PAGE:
plane in which the taping head rotates will intersect with
The drawings accompanying this application are in
the cable at an angle of other than 90 degrees and the
only to illustrate the principles of the present in
cross-section of the cable, therefore, at the paper taping 15 tended
vention and the accompanying description is intended to
station will no longer be circular but will be elliptical.
be construed in an illustrative rather than a limting
Since the taping head is rotating at a relatively high
sense. Minor modi?cations of detail are contemplated
speed, centrifugal forces will still cause the individual
within the spirit of the present invention and the scope of
convolutions of the paper tape to assume a circular con
the appended claims.
?guration as they are applied to the core, but under these
circumstances, the diameter of the circular con?guration
of each convolution will be equal to the length of the
major axis of the elliptical cross-section of the cable and,
as a result, when the cable is subsequently straightened
out, the individual paper convolutions will have a diam
eter slightly greater than the true diameter of the cable
and there will be, accordingly, a certain amount of slack
available which will enable the adjacent convolutions of
What 1 claim as my invention is:
1. The method of applying a tape insulation to an elon
gated core comprising the steps of feeding the core in the
direction of its length through a taping head, revolving
the taping head about an axis coaxial with the longitudi
nal axis of the core over part of its length to wind tape
about the core and, as the core passes through the head,
altering its direction of travel so that the axis of the core
lies at an angle of other than 180 degrees to the axis of
the paper tape to slide relative to one another so that 30
revolution of the taping head.
when the cable is bent such as, for example, when it is
2. The method of app-lying a tape insulation to an elon
reeled upon a shipping reel, the adjacent convolutions
may slide relative to one another and avoid kinking or
gated core by means of at least two successive coaxial ro~
rating taping heads comprising the steps of feeding the
buckling and tearing.
core through the taping heads in the direction of its length
Obviously, the amount of “looseness” can be controlled 35 along the axes of the taping heads and displacing the cable
by controlling the angle which the longitudinal axis of
from its position on the axis of the taping heads in one
the cable makes with the axis of rotation of the taping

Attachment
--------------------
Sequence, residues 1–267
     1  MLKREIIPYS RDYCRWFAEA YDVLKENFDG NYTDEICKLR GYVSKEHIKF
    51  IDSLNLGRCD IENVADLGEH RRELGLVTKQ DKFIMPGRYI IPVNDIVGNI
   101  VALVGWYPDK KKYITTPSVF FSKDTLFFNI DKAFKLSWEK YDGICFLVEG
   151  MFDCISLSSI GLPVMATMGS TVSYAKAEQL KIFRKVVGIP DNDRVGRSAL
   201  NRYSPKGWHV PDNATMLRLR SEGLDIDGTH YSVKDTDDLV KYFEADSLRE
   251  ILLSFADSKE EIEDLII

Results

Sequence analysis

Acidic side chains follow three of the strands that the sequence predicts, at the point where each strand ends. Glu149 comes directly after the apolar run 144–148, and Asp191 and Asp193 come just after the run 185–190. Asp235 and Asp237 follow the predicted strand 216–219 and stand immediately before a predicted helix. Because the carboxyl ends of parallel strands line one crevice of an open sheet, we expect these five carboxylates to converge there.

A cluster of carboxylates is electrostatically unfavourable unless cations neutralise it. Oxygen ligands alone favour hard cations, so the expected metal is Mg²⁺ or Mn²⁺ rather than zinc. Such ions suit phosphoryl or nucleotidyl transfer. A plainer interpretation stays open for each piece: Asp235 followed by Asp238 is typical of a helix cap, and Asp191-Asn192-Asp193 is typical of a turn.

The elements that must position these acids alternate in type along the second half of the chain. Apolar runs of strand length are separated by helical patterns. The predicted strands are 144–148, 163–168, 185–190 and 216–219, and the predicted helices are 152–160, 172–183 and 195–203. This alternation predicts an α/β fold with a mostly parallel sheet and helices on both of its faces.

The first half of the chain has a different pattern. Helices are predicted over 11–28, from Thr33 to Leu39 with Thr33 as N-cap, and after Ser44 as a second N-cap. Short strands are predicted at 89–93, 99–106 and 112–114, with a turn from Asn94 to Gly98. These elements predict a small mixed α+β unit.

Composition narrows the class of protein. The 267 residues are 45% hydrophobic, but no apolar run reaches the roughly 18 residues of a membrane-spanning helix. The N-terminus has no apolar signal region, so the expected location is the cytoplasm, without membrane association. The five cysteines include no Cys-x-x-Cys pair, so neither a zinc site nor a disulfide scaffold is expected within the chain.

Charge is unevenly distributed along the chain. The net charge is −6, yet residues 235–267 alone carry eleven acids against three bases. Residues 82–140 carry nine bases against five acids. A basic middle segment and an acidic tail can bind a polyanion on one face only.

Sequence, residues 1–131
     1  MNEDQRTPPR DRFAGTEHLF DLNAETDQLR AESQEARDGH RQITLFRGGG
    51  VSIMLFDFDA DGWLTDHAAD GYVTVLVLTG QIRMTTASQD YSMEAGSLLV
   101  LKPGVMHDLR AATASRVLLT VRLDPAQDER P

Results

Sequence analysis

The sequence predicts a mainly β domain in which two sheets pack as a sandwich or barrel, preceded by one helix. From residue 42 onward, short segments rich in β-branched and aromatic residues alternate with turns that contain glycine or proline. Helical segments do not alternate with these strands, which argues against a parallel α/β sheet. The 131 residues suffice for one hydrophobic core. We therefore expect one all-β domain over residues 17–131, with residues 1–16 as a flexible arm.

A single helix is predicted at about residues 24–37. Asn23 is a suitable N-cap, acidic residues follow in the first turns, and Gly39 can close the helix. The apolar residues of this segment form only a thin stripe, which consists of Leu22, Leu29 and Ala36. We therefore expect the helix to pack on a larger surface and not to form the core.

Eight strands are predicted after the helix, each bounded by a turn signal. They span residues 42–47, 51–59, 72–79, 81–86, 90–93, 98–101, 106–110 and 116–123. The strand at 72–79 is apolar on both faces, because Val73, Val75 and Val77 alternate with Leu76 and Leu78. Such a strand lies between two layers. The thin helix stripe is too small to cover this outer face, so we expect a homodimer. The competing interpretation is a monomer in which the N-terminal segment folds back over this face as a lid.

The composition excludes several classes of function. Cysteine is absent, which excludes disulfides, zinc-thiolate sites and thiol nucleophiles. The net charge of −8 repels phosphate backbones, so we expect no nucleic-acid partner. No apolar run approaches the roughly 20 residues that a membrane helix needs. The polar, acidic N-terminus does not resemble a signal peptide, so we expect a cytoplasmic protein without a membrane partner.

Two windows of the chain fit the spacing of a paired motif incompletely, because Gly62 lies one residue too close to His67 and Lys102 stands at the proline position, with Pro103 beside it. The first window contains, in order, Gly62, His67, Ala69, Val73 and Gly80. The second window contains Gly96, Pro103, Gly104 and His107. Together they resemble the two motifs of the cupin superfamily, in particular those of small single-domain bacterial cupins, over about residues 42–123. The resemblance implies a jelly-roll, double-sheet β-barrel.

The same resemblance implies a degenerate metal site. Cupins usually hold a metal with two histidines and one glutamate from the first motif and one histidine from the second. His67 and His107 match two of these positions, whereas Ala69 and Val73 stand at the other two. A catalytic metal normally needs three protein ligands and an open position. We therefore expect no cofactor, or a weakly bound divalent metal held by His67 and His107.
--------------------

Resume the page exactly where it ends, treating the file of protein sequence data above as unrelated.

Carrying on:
sense of a direction transverse to the axes on one side of
head. In practice, since the distance between adjacent
each head and in the opposite sense of the transverse di
taping heads is ?xed and is known, adjustment is made
rection on the other side of each head so that the effective
usually not by measuring the angle which the longitudinal
cross-section of the core at each taping head is an ellipse.
axis of the cable makes with the axis of rotation of the
3. The method of claim 2 wherein the longitudinal axis
head but by measuring the linear distance through which
of the cable intersects with the axis of rotation of each
the cable is displaced at the guide rolls 2t} and 21. In
taping head in the plane of rotation of the head at an angle
a practical embodiment of the present invention, operated
of from 3 degrees to 7 degrees.
by the assignee of this application, it is found that with 45
4. The method of claim 2 wherein the longitudinal axis
a machine having successive taping heads spaced apart
of the core intersects with the axis of rotation of each tap
by approximately 26", a displacement of 1" on one side
ing head in the plane of rotation of the taping head at an
of the axis of rotation of the taping head 16 and a dis
angle of approximately 4.5 degrees.
placement of l" on the opposite side of the axis of taping
head 11 produces satisfactory results. The displacement, 50
References (Iited in the file of this patent
measured in terms of degrees, as set forth above, amounts
UNITED STATES PATENTS
to approximately 4.5 degrees between the longitudinal
axis of the cable 17 and the axis of rotation of the taping
head 14.
Obviously, the advantages of the invention will be ob
1,727,955
Bigger _______________ __ Sept. 10, 1929
1,782,397
Adams _______________ __ Nov. 25, 1930